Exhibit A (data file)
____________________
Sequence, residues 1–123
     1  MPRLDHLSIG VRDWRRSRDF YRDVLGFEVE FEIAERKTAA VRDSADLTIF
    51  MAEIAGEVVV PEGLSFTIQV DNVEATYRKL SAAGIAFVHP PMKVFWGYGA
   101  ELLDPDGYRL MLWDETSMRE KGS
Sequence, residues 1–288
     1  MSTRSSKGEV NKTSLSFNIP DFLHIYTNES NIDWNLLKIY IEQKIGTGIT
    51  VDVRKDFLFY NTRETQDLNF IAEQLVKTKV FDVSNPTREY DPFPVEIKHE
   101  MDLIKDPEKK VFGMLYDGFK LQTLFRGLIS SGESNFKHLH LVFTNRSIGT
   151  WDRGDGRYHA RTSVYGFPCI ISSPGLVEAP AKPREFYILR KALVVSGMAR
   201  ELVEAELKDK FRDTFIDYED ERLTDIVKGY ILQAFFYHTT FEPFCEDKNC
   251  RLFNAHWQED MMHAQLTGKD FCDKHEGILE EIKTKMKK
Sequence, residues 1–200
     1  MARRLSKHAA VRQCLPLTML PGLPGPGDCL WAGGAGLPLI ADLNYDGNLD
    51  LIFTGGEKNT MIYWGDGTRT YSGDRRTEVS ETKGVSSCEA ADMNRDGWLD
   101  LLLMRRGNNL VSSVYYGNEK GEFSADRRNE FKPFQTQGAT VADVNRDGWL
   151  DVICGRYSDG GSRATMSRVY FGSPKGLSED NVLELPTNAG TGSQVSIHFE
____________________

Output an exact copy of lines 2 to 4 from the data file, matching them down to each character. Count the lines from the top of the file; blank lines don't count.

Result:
     1  MPRLDHLSIG VRDWRRSRDF YRDVLGFEVE FEIAERKTAA VRDSADLTIF
    51  MAEIAGEVVV PEGLSFTIQV DNVEATYRKL SAAGIAFVHP PMKVFWGYGA
   101  ELLDPDGYRL MLWDETSMRE KGS